New England looks to bounce back at home vs. New Orleans


The rabbit foot, the four leaf clover, the horseshoe, and the wishbone were used up in the first four games of the season and the New England Patriots finally ran out of luck and dropped their first game of the season in Week 5 versus the Cincinnati Bengals. It was a game highlighted by offensive frustration as the Patriots were without several key weapons and several more contributors were playing noticeably dinged up. The Patriots put out an anemic offensive performance and wasted a strong defensive performance losing 13-6 to the Bengals in their second consecutive road game versus a 2012 playoff team. Now looming in Week 6 is a return to Foxborough, MA to face the rejuvenated and undefeated New Orleans Saints on Sunday afternoon.
Against Cincinnati, the theme was missed opportunities as dropped passes (six more by the Patriots’ backs and receivers, with newly active wide receiver Danny Amendola with three drops and running back Brandon Bolden with two drops) and poor execution on offense doomed another strong defensive performance. Wide receiver Kenbrell Thompkins was quiet in the passing game, likely due to a combination of extra attention after his play in the first quarter of the season and a nagging injury. Fellow rookie Aaron Dobson had another quiet showing in the passing game as well.
The Patriots suffered primarily from a surprisingly poor performance up front by left guard Logan Mankins. Throughout the first quarter of the season, Mankins and tackles Sebastian Vollmer and Nate Solder were the strong backbone that allowed the Patriots offense to motor forward with just enough production to win. Last Sunday against the Bengals, tackle Geno Atkins had a field day blowing up the middle of the offensive line and opening the floodgates to get the Patriots’ quarterback on the ground consistently and disrupt the rhythm of the passing game. With three sacks, three hits, and six hurries, the Bengals defense won the fight in the trenches.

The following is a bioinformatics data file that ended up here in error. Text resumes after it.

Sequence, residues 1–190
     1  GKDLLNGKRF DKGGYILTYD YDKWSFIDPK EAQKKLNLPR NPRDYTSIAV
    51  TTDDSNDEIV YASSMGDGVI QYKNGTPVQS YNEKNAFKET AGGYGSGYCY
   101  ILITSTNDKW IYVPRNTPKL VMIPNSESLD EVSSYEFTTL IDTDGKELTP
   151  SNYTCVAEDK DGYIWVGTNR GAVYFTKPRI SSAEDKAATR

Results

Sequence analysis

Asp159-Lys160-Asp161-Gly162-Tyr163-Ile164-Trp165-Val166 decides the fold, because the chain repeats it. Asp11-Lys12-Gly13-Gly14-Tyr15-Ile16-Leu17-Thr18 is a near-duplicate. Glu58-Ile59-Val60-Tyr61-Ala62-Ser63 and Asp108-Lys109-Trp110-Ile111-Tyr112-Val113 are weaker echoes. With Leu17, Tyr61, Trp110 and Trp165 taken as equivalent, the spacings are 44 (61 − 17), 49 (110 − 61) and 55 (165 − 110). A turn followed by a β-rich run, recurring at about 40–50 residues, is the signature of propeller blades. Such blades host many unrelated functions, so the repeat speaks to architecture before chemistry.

This week, the New Orleans Saints bring a multiple-weapon offense and an improving defense to Foxborough. On offense, the Patriots matchup against the talented Drew Brees. Despite the disappointing season last year, Brees threw over 40 touchdowns and 5,200 yards. His top target is the best tight end in the NFL not named Rob Gronkowski in tight end Jimmy Graham. Graham is a wide receiver in a tight end’s body and has continued to progress as he has six touchdowns in five games and almost 600 yards receiving. Finally, the third weapon in the arsenal is running back Darren Sproles. Sproles is a weapon like no other in the league with top-end receiving talent and off-the-chart quickness in the open field.
Unlike Cincinnati and Atlanta, where the Patriots had the defensive game plan to take away one weapon (wide receiver Julio Jones and wide receiver A.J. Green) and let the other nine defenders do the rest, that plan goes out the window this week. Just matching-up with Graham is a headache, and Sproles has to be accounted for every time he steps on the field. Even taking away both of those, Drew Brees is one of the best quarterbacks at simply finding whoever is open and getting the ball to him in a hurry. Top wide receiver Marques Colston is having his usual excellent season, and running back Pierre Thomas has established himself as a receiving threat as well out of the backfield.
The one weakness for New Orleans has been running the ball, and without Patriots’ defensive tackle Vince Wilfork (and Tommy Kelly’s knee injury status still unclear) the opportunity to try to get their running game going may be too strong for the Saints to resist. This year they have averaged 3.1 yards per carry with Pierre Thomas averaging less than 3.0 yards per carry. Backup (and first round pick from a trade with New England) Mark Ingram is averaging less than two yards per carry and is in danger of being passed on the depth chart by undrafted free agent Khiry Robinson.
On defense, the change in philosophy has been a huge factor in the Saints’ turnaround...Click here for more: